There’s this well-known joke about generalists and specialists which says: a generalists knows a little about a lot, a specialist knows a lot about a little. The underlying message of the joke being that you can’t be both at the same time. Either you digg deep into a subject or you widen your scope. Either you try to find the essence of life by studying the particles that make up our life (say DNA or atoms or quantum particles that are present in a very particular species) or you study the universe. You can’t have both at the same time.
Really? Can’t you by studying a very specific subject discover something that says something meaningful about the way the universe works? Can’t a relationship between two employers tell you something about human behavior in general? And vice versa?
Maybe there’s a third option, one that sidesteps the opposing other two.
Maybe there’s also something like the essentialist, someone who does what both the specialist and the generalist do in their field of work and at the same time can do what either and what neither of them does.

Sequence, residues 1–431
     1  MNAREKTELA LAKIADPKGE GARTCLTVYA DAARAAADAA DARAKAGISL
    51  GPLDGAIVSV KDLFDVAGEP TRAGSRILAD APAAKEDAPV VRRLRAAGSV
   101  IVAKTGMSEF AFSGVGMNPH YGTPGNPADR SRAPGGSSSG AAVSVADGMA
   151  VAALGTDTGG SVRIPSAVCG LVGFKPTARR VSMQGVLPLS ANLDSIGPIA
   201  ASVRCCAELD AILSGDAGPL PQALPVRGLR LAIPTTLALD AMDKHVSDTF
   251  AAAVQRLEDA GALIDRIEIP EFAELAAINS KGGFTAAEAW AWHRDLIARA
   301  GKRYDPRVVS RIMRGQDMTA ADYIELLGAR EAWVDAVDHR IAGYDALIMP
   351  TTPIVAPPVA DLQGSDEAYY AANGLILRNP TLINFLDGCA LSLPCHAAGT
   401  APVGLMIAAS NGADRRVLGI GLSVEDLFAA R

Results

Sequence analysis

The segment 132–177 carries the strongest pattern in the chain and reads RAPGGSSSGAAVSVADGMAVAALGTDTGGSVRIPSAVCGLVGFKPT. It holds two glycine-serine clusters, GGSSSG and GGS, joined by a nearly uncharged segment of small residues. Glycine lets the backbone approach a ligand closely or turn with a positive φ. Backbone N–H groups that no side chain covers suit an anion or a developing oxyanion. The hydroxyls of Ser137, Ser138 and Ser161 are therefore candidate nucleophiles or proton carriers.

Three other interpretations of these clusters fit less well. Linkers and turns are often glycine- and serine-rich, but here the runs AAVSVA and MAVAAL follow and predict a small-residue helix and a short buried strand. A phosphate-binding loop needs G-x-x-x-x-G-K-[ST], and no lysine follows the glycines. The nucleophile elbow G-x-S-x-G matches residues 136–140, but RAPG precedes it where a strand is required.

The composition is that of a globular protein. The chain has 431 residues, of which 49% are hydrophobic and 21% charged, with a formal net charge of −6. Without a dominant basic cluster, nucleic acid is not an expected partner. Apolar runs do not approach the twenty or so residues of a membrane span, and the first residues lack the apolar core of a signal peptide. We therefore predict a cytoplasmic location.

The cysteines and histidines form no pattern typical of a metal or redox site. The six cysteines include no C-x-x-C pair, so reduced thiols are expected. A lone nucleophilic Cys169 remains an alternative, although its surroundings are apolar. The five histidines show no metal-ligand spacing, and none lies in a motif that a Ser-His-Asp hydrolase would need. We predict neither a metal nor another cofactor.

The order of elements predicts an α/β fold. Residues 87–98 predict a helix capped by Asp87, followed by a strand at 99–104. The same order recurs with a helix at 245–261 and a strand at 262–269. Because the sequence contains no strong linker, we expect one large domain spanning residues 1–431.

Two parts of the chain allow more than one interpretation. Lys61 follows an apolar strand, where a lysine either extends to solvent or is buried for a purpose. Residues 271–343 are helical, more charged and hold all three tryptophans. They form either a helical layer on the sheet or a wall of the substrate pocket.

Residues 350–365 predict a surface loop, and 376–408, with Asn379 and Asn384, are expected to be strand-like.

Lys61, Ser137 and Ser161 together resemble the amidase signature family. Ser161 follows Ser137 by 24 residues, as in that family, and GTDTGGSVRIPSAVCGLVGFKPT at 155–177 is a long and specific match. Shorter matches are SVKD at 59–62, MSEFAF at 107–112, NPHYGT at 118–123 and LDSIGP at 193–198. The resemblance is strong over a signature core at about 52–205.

I’ve tossed the concept up in a couple of conversations over the last few days, trying to figure out the characteristics of the people I believe to have essentialist-qualities.
This is what we came up with so far:
- they meet their subject with curiosity and surprise,
- they look for patterns,
- they look for meaning in relationships, not within the subjects themselves (like intelligence not being in a person but happening in between people or a person and an object at a certain time and place),
- they know that one thing can theoretically mean the same thing to somebody else,
- they know it can (and more likely does) mean something different at the same time as well,
- they have an awareness that their relationship to the subject changes both the subject and themselves,
- they know that it’s not always about digging deeper nor being superficial,
- they know that they don’t know,
- they usually smile when someone says: “you’re wrong” and ask questions like “tell me more”,
- they know they fail at all of the above from time to time and they usually don’t deny it.
Some of the essentialists I’ve ‘met’: my wife, Gregory and Nora Bateson, Milton Erickson, Anton Stellamans, Liselotte Baeijaert, Batist Vermeulen, Malcolm Gladwell, Fernando Sousa, John Maeda, Thich Nhat Hahn, Joris Bryon, Sofie ‘Lamazone’ Verhalle, Jesper H. Christiansen, <your name here>, …
Do you know an essentialist? What makes him or her stand out?
Let me know and I’ll be happy to publish your contributions in one of the next posts.